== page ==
The Spring term just ended at UCI (we’re on a quarter system, so we run later into June and then start up again later in September than most other US universities). I haven’t yet turned in my grades, but I can already feel summer setting in.

• Mir Books ($$\mathbb{M}$$, via). A big collection of interesting-looking Soviet-era mathematics and science books and booklets, translated into English and free to read.

• Chip-firing games and sesquinary notation ($$\mathbb{M}$$). Jim Propp writes a monthly long-form math blog and somehow I hadn’t encountered it before; this is one of its many interesting entries. One of the oddities about base $$3/2$$ is that you calculate it bottom-up (by starting from a ones digit that’s too big and then carrying things higher) instead of top-down (by greedily subtracting powers).

• A discussion on whether proofs in Wikipedia articles need references, and what those references are for.

• The tale of Horgan’s surface ($$\mathbb{M}$$, via, see also, see also), a nonexistent minimal surface whose existence was incorrectly predicted by numerical experiments, named sarcastically after a journalist who incautiously suggested that proof was a dead concept.

• Compact packings of the plane with three sizes of discs ($$\mathbb{M}$$), Thomas Fernique, Amir Hashemi, and Olga Sizova. Here, “compact packing” means interior-disjoint disks forming only 3-sided gaps. The circle packing theorem constructs these for any finite maximal planar graph, with little control over disk size. Instead this paper seeks packings of the whole plane by infinitely many disks, with few sizes. 9 pairs of sizes and 164 triples work.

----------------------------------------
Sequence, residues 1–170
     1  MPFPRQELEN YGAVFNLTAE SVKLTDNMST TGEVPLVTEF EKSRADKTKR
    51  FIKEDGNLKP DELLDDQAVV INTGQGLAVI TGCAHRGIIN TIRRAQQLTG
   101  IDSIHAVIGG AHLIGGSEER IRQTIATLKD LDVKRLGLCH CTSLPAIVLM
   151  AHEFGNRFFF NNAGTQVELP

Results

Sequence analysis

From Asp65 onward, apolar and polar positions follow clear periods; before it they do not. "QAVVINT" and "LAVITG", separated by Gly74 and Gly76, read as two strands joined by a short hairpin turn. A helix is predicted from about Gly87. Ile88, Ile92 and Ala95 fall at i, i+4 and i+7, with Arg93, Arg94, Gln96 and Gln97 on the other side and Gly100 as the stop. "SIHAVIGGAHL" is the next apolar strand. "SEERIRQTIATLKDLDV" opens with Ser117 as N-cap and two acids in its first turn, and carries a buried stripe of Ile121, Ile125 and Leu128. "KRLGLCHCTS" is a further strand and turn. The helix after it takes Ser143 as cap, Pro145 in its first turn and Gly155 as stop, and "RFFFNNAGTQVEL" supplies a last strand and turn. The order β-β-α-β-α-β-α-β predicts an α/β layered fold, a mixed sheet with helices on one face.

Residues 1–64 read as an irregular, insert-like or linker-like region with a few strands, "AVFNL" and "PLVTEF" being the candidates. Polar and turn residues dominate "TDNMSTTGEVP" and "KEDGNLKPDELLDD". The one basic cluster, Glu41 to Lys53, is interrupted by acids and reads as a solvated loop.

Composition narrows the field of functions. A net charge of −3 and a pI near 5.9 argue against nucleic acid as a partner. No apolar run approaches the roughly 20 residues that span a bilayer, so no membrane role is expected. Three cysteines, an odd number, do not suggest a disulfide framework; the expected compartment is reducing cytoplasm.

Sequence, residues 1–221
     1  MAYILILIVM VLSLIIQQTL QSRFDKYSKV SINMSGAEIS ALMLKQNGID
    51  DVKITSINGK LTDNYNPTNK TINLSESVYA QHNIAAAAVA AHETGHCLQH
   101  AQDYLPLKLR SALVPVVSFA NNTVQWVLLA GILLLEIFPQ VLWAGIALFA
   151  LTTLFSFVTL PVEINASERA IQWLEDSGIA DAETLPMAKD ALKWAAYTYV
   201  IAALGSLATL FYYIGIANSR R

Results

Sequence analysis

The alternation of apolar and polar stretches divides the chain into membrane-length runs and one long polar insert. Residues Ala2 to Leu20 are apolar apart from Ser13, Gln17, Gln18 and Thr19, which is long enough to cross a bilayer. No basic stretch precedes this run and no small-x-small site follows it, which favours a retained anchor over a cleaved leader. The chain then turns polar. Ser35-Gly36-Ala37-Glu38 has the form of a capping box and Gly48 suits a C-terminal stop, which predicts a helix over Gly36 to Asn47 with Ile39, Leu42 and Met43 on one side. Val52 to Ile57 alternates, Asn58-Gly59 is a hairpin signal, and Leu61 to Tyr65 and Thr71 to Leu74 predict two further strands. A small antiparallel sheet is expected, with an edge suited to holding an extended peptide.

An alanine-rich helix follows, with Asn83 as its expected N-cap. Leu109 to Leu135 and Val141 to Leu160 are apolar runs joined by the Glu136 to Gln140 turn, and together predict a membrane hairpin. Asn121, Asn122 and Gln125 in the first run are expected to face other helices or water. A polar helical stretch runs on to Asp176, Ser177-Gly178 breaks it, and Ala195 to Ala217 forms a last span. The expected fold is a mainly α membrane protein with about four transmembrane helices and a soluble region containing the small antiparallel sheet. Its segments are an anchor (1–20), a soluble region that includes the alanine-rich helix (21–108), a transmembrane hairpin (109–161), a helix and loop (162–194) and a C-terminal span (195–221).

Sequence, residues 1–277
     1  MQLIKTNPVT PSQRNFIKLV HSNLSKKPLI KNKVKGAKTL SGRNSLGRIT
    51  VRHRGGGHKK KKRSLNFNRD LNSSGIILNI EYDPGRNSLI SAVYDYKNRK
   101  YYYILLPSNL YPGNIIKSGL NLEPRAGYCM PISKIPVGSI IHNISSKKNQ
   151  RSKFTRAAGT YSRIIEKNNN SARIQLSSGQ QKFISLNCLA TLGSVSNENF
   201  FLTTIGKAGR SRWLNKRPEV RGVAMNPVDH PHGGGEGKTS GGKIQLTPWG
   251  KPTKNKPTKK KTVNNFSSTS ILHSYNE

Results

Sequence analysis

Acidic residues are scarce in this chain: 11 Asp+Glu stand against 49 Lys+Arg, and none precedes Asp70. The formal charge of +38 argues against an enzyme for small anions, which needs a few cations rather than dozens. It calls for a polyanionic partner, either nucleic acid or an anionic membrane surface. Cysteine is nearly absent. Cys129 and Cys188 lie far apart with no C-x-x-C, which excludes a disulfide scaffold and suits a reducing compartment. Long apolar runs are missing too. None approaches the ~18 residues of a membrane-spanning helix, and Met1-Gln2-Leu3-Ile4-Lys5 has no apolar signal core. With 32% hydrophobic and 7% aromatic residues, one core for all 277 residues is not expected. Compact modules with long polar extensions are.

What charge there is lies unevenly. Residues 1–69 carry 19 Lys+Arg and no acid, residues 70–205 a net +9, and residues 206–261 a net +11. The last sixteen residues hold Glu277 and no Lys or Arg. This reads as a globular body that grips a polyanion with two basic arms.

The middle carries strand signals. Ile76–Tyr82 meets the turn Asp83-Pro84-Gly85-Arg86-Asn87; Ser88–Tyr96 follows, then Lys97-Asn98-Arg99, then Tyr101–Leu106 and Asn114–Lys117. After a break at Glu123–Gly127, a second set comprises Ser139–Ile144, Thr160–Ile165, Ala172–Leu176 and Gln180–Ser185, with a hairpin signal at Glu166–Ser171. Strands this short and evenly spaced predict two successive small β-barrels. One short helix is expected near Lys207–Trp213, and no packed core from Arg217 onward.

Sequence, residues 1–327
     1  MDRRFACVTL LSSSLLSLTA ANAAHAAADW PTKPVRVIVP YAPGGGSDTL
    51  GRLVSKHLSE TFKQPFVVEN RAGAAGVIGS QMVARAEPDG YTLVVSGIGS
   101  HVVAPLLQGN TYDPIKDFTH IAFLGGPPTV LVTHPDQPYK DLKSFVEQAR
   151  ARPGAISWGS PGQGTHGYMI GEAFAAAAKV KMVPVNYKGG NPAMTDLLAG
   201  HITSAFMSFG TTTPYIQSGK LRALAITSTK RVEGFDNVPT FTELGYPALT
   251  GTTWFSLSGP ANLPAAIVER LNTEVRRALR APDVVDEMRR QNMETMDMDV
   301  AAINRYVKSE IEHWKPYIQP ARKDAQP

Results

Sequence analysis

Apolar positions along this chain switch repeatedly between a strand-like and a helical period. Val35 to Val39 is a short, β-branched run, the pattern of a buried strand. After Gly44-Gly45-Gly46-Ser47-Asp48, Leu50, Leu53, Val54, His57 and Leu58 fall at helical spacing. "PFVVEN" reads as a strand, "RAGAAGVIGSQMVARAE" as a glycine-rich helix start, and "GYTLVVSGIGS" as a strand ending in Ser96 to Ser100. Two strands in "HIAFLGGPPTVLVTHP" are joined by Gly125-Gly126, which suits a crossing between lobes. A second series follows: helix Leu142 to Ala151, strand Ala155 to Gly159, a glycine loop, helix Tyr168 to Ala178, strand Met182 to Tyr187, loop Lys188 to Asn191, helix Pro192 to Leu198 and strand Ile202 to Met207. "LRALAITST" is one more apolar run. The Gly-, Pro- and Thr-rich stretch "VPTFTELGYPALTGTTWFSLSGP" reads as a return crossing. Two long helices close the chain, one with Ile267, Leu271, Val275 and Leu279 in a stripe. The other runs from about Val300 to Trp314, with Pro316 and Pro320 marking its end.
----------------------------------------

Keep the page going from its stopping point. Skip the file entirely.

• Luca Trevisan posts a series of tutorials on online convex optimization, where you want to approximately minimize a sequence of convex functions before discovering what the functions are (parts $$-1$$, $$0$$, $$1$$, $$2$$, $$3$$, $$4$$, $$5$$; $$\mathbb{M}$$). It’s a hot topic in TCS with connections to regularity lemmas, fast SDP approximation, and spectral sparsifiers.

• Squared patterns of ocean waves ($$\mathbb{M}$$), and wave patterns in social media: search for “cross sea” and note its appearance on gizmodo in 2014, amusingplanet in 2015, azula in 2017, providr in 2018, sciencealert in 2019…all repeating the same somewhat garbled explanation of mathematical wave models and danger to shipping.

• The SIGACT Committee for the Advancement of Theoretical Computer Science is planning a Wikipedia edit-a-thon, in Phoenix on June 24 as part of STOC ($$\mathbb{M}$$). You can help, and you don’t even have to brave the desert heat to do so! There’s a shared spreadsheet where CATCS is crowdsourcing TCS topics on Wikipedia that need help. Add your favorite missing algorithm, theorem, complexity class, etc, and it’s likely it’ll get some attention.

• While I’m publicizing activities associated with STOC and FCRC next week in Phoenix, here’s another: the TCS Women Spotlight Workshop ($$\mathbb{M}$$). It features an inspirational talk from Ronitt Rubinfeld (in my experience a great speaker), four “rising star” talks by Naama Ben-David, Debarati Das, Andrea Lincoln, and Oxana Poburinnaya, a panel/lunch for women at STOC, and a poster session of recent theoretical computer science research by women.

• Two colleagues from my department, Alex Nicolau and Alex Veidenbaum, are participating in a Venice Biennale project ($$\mathbb{M}$$) in which viewers converse with computerized simulations of poet Paul Celan and politician Nicolae Ceaușescu. The Alexes usually work on the more technical side of CS (parallelizing compilers, computer architecture, and embedded systems) so it’s interesting to me to see this softer direction from them.